Being “Open for business”

I have great admiration for small business owners. I love their entrepreneurial spirit, pioneering attitude, perseverance and strength. I am lucky enough to work with them daily as their business coach.

 

Through my role as coach, I am honored to witness courage in so many ways. The courage to expand and grow, the courage to ask for money, the courage to go after the big account, the courage to hire and fire when needed.

 

If you have never been an entrepreneur or known one, these activities might not seem like a big deal. In the beginning stages, small business owners are grappling with what they feel they can or cannot do. Their businesses are literally limited by their own self perception. For example: an owner who wants to double their revenue might have to learn how to let go and leverage themselves through others. So it makes sense that most entrepreneurs have to personally grow and develop themselves to move their businesses forward. Enter the business coach versus a consultant. A consultant is the expert and they advise.

 

So “What’s a business coach?” you ask? A business coach engages and facilitates focused dialogue. We challenge, inquire, provoke, cajole, inspire, offer support and collaborate with our clients on their business issues. Occasionally we give advice and consult a client when it is an area of expertise. Most of the time however, it is not about my wisdom. It is about the client’s wisdom. Coaches believe that the client has the answer.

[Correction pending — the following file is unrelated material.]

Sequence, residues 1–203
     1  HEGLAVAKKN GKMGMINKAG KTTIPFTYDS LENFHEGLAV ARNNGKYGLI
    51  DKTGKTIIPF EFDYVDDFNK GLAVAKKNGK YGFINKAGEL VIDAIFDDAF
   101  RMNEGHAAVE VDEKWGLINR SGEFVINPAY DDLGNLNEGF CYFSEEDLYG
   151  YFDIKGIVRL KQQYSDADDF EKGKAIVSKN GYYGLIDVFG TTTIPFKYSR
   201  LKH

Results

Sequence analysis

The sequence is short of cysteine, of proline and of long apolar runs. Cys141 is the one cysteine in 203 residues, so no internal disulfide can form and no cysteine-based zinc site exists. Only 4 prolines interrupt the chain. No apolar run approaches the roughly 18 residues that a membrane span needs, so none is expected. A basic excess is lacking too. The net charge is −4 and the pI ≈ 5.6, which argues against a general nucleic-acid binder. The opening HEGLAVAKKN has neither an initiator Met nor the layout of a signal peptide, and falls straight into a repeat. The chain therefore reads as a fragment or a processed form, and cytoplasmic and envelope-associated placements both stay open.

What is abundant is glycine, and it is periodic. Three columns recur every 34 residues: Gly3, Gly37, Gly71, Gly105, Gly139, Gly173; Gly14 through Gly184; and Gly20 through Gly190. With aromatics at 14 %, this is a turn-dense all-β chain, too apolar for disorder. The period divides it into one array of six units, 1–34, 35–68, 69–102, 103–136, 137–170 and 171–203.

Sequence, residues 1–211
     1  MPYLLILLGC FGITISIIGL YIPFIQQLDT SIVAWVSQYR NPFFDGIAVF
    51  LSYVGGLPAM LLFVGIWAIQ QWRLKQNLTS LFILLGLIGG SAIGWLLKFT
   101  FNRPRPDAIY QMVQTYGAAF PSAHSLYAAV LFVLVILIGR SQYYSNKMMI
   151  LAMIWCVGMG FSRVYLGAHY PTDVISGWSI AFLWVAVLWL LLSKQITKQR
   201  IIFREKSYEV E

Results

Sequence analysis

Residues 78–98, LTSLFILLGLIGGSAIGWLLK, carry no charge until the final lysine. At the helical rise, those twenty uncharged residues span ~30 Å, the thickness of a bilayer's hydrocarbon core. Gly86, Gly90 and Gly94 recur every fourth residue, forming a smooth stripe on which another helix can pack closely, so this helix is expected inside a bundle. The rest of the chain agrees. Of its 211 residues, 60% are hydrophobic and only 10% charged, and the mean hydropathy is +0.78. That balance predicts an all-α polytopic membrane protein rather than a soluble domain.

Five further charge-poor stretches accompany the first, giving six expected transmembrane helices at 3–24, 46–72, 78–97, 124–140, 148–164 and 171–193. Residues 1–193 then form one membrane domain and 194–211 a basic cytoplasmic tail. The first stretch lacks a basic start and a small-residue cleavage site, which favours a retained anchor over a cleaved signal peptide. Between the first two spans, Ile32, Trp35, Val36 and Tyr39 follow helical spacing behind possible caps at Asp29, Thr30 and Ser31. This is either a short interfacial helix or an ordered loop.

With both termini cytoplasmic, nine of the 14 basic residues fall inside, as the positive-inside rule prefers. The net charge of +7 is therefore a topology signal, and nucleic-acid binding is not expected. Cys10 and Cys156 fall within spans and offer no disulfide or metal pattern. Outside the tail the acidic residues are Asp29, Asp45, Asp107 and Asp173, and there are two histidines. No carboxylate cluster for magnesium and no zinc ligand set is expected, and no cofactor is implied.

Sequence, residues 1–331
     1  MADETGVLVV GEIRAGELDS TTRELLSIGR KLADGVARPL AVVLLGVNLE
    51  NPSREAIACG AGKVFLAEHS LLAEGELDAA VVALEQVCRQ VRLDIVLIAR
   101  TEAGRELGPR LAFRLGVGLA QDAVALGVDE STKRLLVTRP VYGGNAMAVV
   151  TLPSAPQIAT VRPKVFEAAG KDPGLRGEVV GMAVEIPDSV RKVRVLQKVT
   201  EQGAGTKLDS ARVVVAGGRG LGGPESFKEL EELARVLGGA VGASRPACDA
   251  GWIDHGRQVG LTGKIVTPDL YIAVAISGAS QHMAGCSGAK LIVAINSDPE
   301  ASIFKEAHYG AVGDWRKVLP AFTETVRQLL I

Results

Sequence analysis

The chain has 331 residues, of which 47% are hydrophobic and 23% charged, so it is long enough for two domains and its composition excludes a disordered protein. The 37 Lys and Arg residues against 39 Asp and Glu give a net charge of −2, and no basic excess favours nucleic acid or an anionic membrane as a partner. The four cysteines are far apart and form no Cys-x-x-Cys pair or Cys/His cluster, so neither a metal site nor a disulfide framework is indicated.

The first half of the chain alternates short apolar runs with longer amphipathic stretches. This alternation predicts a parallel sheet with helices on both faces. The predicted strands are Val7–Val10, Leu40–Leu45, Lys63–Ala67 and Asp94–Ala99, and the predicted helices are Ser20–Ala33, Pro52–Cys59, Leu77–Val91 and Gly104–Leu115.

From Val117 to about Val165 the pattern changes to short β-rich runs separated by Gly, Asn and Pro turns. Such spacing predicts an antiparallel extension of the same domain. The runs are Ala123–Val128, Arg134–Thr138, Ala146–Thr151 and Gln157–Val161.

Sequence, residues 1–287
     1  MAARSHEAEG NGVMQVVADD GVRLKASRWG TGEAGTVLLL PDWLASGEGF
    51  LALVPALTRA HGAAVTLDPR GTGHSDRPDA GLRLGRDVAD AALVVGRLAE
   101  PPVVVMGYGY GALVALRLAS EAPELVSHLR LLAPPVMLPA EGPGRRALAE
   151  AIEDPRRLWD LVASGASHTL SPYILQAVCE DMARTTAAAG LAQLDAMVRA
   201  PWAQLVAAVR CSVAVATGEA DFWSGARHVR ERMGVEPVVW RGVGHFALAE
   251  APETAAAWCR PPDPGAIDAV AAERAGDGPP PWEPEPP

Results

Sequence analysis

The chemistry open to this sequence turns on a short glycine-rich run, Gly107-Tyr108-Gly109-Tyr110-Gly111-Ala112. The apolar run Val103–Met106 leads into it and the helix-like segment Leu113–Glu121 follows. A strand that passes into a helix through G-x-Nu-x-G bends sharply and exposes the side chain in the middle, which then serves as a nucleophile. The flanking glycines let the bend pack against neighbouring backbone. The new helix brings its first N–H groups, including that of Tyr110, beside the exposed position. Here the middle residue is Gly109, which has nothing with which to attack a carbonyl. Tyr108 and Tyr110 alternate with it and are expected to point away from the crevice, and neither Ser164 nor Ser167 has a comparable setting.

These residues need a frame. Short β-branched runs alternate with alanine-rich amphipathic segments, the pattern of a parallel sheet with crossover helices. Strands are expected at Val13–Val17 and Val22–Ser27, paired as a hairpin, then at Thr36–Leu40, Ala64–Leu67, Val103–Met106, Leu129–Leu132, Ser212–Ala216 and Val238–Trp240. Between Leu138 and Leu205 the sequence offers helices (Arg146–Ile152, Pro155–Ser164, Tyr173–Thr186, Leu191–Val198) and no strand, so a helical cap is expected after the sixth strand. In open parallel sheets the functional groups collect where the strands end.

Back to my point, in most cases the entrepreneur’s limiting beliefs are what is stopping the business from expanding. As limiting beliefs are identified the small business owner can see and be aware of new possibilities allowing for more awareness and choice. Finally this brings me to the title of the article. Are you “open for business”?

 

When we are “closed for business,” we already know how the business is, how our industry is and how our customers are, leaving no possibility or room for something else. Where there is certainty there is no possibility. We become frustrated and stuck.

 

Being “open for business” is about being aware of what your biases, limitations and limiting beliefs (filters) are and not letting that mindset run your business. When we are “open for business” we find opportunities and solve problems easily.  Okay, how do I do that” you say?

 

First get clear about your own filters by talking to a coach, asking your staff, interviewing your spouse or working with a mentor and then write them all down.

 

The next step is to identify how these filters have you stuck or stopped in your business. How do your limiting beliefs impact your business and its employees?

 

Then, make sure that you stay “open for business” by being engaged in conversations about your business with someone who knows what your filters are and is willing to say something when they come up. This could be an employee, partner, spouse, friend, mentor or coach.

 

You will be amazed at the difference this one shift from closed to open can make for your profitability and your sense of well being.

 

About the Author Alicia Fruin

 

Alicia is the owner of Profit Consulting Co., a business Education Company. They offer small business coaching, consulting and training. Alicia has designed over 80 customized training programs and led these programs for hundreds of business owners around the country in a variety of industries.  In addition, Alicia has coached managers, presidents and sales people on how to build a business truly worth having!

 

www.profitconsultingco.com

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